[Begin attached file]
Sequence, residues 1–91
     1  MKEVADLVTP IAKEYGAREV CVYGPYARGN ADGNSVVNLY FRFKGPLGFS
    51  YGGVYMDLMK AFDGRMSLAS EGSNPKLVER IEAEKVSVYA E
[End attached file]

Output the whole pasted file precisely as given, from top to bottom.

Sequence, residues 1–91
     1  MKEVADLVTP IAKEYGAREV CVYGPYARGN ADGNSVVNLY FRFKGPLGFS
    51  YGGVYMDLMK AFDGRMSLAS EGSNPKLVER IEAEKVSVYA E